The Executive Director of IMB, Birgitte Lane, noted, “This is a fine piece of fundamental research that will have breakthrough consequences in many areas and can bring about far-reaching applications. Developing cellular therapies is just one long-term clinical benefit of understanding ESC biology, which can also help develop stem cell systems for disease modeling, developing new drugs as well as a tool for researchers to answer other biological questions.”

Induced Pluripotent Stem Cells Form Red Blood Cells

Concerns over the mutations that occur when adult cells are reprogrammed into induced pluripotent stem cells has caused scientists to step back and take a second look at this technology. Can such a technology be used to treat human patients safely?

Some cells in our bodies lack nuclei. For example, platelets and red blood cells do not have nuclei, and therefore, they lack a human genome. If red blood cells can be made from pluripotent stem cells, they could potentially treat patients who suffer from anemia. The red blood cells will not harbor any mutations because they do not have DNA. Thus, induced pluripotent stem cells could potentially be used to treat patients.

A paper in Stem Cells and Development by Jessica Dias and colleagues in the laboratory of Igor Slukvin at the University of Wisconsin, Madison has reported the generation of red blood cells from human induced pluripotent stem cells (J. Dias, et al., Stem Cells and Dev 20, no 9 (2011): 1639-47).

To make red blood cells from induced pluripotent stem cells (iPSCs), they made human iPSCs from skin cells called “fibroblasts” that were taken from new-born babies.  They made they iPSCs with methods that did not use viruses.  Instead they placed in the fibroblasts, small circles of DNA that contained all the genes necessary to create iPSCs.  These small circles of DNA are called “episomes.” and they can create iPSCs without maintaining themselves in the cells.  That is to say, once the episomes convert the adult cells into iPSCs, they are lost and do contaminate the genome of the iPSCs.

After making iPSCs, they grew them for seven days with two other cells; human embryonic stem cells and a mouse bone marrow cell line called OP9.  This combination converted the iPSCs into bone marrow stem cells.  The bone marrow stem cells were isolated and cultured for five days with chemicals that are known to push bone marrow stem cells to become red blood cells.  These chemicals (erythropoietin, stem cell factor, thrombopoietin, interleukin-3, dexamethasone, insulin, interleukin-6, and iron), drove the stem cells to become red blood cell-like cells.  Because these cells were also grown under conditions that prevented them from attaching they grew and differentiated.  After five days, the cells were maintained on another mouse bone marrow cells line called MS5 cells.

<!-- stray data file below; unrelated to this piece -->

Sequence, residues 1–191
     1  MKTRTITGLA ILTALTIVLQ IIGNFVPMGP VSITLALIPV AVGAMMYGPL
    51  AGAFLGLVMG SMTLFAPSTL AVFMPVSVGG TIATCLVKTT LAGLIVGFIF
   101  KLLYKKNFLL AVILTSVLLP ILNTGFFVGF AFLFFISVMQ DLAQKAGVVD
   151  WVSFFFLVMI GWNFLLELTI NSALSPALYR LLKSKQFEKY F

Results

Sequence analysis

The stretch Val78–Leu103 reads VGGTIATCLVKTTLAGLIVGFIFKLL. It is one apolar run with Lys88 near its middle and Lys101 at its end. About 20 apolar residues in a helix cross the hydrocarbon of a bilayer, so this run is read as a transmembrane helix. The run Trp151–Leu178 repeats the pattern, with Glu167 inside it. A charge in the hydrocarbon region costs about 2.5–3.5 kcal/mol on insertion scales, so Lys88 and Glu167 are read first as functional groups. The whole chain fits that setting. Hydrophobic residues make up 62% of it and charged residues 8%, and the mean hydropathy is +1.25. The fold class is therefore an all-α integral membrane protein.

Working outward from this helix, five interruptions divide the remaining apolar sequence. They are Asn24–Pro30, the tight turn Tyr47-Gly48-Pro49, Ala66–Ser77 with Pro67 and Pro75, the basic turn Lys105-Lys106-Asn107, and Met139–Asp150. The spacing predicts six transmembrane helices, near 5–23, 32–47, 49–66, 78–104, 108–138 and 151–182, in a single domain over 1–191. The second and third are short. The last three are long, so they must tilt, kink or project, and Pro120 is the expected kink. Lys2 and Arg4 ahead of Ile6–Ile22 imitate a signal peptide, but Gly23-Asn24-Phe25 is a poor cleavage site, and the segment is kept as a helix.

Dias and her colleagues also used an alternative technique that worked just as well that did not include isolating the bone marrow stem cells, but subjected the cells to a Percoll centrifugation that also isolated the differentiating cells from the other cells.  This technique seemed faster and less troublesome.

Neither of these techniques could be employed if these cells were to be used for human treatments.  The use of animal cells lines could contaminate the iPSCs with animal viruses or animal proteins.  Both of these would cause the human immune system to react adversely to the cells (Martin MJ, Muotri A, Gage F, Varki A. Human embryonic stem cells express an immunogenic nonhuman sialic acid.Nat Med. 2005 Feb;11(2):228-32).  Therefore, some other protocol will need to be devised if this type of treatment is employed for anemic humans.

Nevertheless, this culture did generate red blood cells that expressed mainly embryonic and fetal types of hemoglobin.  While there was some adult hemoglobin made, it was the minority molecule.  All of the cells produced by this cell culture system were of the same type as those that produce red blood cells (erythroid), and not of those that make white blood cells (myeloid).  This shows that it is feasible to make red blood cells from iPSCs, and it might even be feasible to produce them in a culture system that makes large quantities of them.  Other uses for culture systems like this could include making red blood cells to grow malarial parasites for drug research.  Clearly this is a remarkable discovery that may lead to a source of red blood cells for patients and laboratories alike.